Oil jumped 6% on Thursday after Iran shot down a U.S. military drone, prompting President Donald Trump to blast Tehran on Twitter.Energy Commoditiesread more
For doubters thinking the rally is just a last gasp of the decade-long bull market, chart analysts are here to prove them wrong.Marketsread more
The billionaire investor believes the stock market is in a "zone of fair value" at current levels.Marketsread more
"I think there's a deceleration in the economy to the point where the railroads, the airlines, the companies, the lenders are all admitting that there's deceleration," says...Investingread more
However, Slack chief Stewart Butterfield says, "The broader world of email will stick around."CNBC Disruptor 50read more
Apple said in a letter released Thursday that tariffs could hurt its ability to compete globally.Technologyread more
Stocks rose sharply on Thursday after the Federal Reserve hinted at possible interest rate cuts as soon as next month.US Marketsread more
Trump tweets after an Iranian surface-to-air missile shot down a U.S. military surveillance drone in what the U.S. calls an "unprovoked attack."Politicsread more
National Securities' Art Hogan sees the U.S.-China trade war as the market's biggest risk – not Fed policy.Trading Nationread more
The last few years have seen a surge of interest in plant-based burgers, but a few restaurant chains remain on the sidelines.Restaurantsread more
The Federal Reserve may be on its way to delivering a half-point interest rate cut next month, according to Goldman Sachs economists.Economyread more
The ongoing fallout from Carillion's collapse is poised to have far-reaching consequences.
Britain's second-biggest construction firm went into compulsory liquidation Monday, when banks refused to lend it any more money, throwing hundreds of major projects in doubt. Critics have since called for the ensuing crisis to be reviewed.
Carillion employs around 43,000 people around the world and 20,000 people in the U.K.
The 200-year-old firm's work ranged from the HS2 rail project to military contracts and to maintaining hospitals, prisons and schools. CNBC takes a look at some of the joint ventures that may be most affected by Carillion's collapse.
Shortly after Carillion announced its compulsory liquidation, the Scottish government said contingency plans were in place for the contracts affected by the stricken firm.
"The terms of the contract are such that the remaining joint venture members, Balfour Beatty and Galliford Try, are obliged to complete the contract," Galliford Try said in a statement.
Further to the AWPR, Balfour Beatty was working with Carillion on two other contracts, comprising of operations on the A14 road in Cambridgeshire and a motorway contract in the northwest of England.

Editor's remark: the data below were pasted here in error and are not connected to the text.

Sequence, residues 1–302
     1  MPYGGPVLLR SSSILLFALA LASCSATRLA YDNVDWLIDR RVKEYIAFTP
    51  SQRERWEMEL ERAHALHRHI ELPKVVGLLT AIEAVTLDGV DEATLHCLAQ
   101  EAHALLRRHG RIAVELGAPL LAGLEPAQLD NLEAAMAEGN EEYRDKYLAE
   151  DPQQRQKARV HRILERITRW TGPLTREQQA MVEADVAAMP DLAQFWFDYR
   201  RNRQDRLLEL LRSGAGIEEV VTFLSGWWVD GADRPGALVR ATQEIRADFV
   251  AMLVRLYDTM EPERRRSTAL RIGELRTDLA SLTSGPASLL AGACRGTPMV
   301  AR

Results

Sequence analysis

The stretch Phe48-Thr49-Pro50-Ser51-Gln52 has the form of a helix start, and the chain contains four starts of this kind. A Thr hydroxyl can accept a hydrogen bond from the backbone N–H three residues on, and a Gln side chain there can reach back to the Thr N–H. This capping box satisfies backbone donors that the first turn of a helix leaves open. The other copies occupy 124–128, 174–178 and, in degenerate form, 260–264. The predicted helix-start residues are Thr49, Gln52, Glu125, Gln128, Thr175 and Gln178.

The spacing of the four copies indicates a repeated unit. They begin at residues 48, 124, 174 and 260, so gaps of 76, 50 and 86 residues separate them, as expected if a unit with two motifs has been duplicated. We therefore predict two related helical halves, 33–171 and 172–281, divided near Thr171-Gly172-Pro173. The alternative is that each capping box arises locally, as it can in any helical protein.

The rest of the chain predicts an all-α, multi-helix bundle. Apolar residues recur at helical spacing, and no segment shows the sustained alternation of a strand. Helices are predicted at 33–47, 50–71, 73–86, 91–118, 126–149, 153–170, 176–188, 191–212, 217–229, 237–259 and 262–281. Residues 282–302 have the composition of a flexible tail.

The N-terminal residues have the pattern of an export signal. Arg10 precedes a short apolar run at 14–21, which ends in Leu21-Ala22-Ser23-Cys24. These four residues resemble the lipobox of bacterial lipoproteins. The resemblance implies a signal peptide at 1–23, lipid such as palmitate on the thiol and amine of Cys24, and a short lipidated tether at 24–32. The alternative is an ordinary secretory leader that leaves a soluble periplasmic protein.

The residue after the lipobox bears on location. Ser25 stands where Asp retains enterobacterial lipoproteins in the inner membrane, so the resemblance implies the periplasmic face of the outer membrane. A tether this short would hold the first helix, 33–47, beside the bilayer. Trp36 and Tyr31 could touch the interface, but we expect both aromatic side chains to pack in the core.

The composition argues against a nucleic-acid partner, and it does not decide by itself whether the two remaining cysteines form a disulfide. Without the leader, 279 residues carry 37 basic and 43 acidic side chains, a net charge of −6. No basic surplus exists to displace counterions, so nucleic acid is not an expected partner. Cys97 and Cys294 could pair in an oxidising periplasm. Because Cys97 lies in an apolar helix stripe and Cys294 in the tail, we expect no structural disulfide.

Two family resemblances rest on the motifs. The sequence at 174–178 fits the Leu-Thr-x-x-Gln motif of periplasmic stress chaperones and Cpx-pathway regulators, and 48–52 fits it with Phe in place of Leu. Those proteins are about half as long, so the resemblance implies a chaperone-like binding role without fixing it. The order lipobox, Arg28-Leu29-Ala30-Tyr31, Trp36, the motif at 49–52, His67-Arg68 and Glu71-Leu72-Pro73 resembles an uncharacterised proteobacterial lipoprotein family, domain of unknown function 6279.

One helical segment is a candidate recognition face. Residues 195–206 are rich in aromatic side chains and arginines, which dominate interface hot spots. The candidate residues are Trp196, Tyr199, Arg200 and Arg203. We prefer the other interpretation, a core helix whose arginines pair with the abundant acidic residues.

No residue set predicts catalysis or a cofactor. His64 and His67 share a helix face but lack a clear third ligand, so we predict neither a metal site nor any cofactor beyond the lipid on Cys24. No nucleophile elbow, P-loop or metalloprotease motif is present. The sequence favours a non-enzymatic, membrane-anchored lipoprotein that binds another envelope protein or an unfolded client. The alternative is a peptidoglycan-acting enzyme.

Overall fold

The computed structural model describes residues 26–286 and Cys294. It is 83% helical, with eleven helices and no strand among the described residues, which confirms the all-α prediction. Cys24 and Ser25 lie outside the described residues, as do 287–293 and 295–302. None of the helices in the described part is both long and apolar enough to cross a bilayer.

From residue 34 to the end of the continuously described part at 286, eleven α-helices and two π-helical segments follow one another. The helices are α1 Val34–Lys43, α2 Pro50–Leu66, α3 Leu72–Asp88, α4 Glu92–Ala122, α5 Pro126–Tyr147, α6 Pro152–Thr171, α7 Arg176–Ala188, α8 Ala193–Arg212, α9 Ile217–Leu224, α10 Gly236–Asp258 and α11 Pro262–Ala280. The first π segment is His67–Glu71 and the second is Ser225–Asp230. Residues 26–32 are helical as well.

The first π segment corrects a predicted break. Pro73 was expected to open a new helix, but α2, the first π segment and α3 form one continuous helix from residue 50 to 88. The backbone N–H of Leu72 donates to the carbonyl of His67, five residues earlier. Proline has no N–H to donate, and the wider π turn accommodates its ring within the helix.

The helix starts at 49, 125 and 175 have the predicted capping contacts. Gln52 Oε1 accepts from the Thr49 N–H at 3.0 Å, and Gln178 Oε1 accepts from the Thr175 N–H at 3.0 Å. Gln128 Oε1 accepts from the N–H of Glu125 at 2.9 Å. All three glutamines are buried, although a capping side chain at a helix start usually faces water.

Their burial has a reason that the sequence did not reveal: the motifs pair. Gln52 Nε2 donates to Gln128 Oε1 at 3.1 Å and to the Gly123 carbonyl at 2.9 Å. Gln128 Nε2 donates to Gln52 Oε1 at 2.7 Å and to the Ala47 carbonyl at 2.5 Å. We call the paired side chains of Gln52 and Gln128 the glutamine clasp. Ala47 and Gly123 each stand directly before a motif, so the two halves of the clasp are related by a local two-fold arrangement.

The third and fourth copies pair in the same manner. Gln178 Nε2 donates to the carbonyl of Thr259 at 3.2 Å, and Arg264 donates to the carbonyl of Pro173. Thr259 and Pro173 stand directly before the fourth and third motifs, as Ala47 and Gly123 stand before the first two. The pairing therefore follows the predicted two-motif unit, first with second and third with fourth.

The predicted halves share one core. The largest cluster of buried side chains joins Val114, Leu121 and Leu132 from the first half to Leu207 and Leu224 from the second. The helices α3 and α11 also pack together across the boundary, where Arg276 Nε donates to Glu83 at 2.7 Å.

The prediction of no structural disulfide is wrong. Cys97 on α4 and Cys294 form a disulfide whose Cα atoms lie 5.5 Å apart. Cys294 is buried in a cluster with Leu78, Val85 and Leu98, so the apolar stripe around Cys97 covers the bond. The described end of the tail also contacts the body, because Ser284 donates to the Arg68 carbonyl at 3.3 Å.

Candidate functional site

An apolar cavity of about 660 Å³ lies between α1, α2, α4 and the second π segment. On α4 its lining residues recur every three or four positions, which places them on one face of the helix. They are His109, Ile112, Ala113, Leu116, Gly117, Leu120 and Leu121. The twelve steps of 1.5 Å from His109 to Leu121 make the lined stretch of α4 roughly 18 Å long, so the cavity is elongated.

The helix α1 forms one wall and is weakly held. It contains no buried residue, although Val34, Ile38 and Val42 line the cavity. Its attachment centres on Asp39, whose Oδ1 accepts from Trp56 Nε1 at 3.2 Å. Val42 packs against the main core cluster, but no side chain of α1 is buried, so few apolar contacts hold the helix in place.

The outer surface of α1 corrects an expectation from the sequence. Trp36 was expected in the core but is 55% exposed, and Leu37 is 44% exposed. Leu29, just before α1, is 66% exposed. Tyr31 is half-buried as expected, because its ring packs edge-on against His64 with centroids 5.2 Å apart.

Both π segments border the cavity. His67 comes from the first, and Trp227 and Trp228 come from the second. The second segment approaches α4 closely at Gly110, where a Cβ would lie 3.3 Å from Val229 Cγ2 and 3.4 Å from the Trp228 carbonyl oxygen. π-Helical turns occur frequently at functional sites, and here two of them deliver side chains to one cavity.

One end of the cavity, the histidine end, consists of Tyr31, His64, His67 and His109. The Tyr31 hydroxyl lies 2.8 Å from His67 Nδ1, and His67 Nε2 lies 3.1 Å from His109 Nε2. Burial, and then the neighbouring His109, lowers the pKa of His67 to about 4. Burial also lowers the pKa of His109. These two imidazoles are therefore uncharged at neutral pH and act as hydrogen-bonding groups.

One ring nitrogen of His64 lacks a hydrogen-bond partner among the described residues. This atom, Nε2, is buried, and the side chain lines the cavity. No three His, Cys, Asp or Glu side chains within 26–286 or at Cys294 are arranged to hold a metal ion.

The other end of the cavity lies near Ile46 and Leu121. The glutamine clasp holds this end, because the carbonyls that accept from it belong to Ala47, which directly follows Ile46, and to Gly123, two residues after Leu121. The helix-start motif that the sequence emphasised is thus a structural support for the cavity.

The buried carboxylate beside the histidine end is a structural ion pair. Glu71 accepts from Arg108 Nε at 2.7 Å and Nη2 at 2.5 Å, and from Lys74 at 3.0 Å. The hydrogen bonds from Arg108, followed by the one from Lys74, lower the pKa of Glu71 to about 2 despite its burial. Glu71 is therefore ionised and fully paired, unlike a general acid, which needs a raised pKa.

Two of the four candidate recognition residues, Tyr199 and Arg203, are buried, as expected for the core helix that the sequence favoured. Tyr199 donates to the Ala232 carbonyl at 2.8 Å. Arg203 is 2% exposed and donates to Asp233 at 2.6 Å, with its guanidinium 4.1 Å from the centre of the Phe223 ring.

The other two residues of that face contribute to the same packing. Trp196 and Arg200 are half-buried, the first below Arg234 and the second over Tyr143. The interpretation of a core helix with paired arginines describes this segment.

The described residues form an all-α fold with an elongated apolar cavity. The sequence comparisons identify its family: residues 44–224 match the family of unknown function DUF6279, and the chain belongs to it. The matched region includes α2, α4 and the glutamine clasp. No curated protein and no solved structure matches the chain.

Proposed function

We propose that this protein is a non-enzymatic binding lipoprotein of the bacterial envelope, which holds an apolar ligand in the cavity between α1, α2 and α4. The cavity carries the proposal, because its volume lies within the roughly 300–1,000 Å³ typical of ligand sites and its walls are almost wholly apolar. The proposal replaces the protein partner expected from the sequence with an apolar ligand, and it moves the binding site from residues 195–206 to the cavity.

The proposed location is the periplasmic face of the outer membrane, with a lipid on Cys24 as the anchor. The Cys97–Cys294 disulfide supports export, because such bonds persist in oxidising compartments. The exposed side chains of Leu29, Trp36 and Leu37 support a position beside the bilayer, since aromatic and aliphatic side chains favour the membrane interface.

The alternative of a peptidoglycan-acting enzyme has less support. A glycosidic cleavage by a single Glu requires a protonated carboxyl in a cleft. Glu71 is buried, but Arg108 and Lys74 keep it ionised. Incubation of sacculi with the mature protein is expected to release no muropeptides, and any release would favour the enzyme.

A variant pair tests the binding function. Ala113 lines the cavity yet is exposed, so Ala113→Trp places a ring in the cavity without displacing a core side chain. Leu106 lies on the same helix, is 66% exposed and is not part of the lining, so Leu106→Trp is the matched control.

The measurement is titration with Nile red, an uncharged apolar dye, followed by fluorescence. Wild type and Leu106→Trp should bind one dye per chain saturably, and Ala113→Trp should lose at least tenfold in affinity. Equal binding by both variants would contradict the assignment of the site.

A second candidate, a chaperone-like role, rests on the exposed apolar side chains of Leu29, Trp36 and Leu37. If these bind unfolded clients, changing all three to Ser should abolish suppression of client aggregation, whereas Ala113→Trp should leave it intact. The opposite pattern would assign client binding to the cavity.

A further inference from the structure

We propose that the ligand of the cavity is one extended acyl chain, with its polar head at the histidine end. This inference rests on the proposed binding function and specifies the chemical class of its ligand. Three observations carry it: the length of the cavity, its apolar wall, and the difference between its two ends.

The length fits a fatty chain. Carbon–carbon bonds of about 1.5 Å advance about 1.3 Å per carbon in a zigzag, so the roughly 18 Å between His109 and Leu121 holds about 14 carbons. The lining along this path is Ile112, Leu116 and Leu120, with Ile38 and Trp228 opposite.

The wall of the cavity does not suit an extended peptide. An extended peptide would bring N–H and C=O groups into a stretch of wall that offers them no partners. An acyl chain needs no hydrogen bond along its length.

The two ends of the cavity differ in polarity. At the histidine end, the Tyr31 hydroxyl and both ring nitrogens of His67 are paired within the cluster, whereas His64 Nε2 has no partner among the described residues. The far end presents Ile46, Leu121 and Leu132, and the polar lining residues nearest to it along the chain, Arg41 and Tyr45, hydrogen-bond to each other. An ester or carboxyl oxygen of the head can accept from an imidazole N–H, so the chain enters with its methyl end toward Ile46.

The financial impact for Balfour Beatty was estimated to be in the range of £35 million ($48 million) and £45 million, the company said in a statement. Joe Brent, an analyst at Liberum, told CNBC in an email on Monday that he anticipated an adverse cash impact at Balfour Beatty of around £40 million but "no material impact elsewhere."
In a statement, the international infrastructure group said it would continue to work with its customers and ensure it meets its contractual commitments.
Carillion is the parent company of CarillionAmey which works to maintain approximately 50,000 homes across Britain for the U.K. Ministry of Defence. The contracts are reportedly worth between £700 million and £1 billion.
And following Carillion's announcement it had been forced into liquidation, CarillionAmey told the BBC: "There is a considerable amount of press coverage regarding Carillion's current financial position, however, the impact on CarillionAmey's operations remains limited and we will continue to deliver services as normal."
Building services firm TClarke said Monday it did not foresee any negative financial impact on the group as a consequence of direct exposure to Carillion.
TClarke was working in a joint venture project alongside KBR as part of the Aspire Defence Contact in southwest England. In a statement, the firm said while a transitional period was to be expected, it would otherwise be "business as usual."
Carillion was working with Kier Group on the flagship HS2 rail contract in a joint venture with France's Effiage. The contract — which was awarded in July last year — was not projected to have any adverse impact on Kier, the company said.
The British firm also worked alongside Carillion on the Highways England smart motorways program.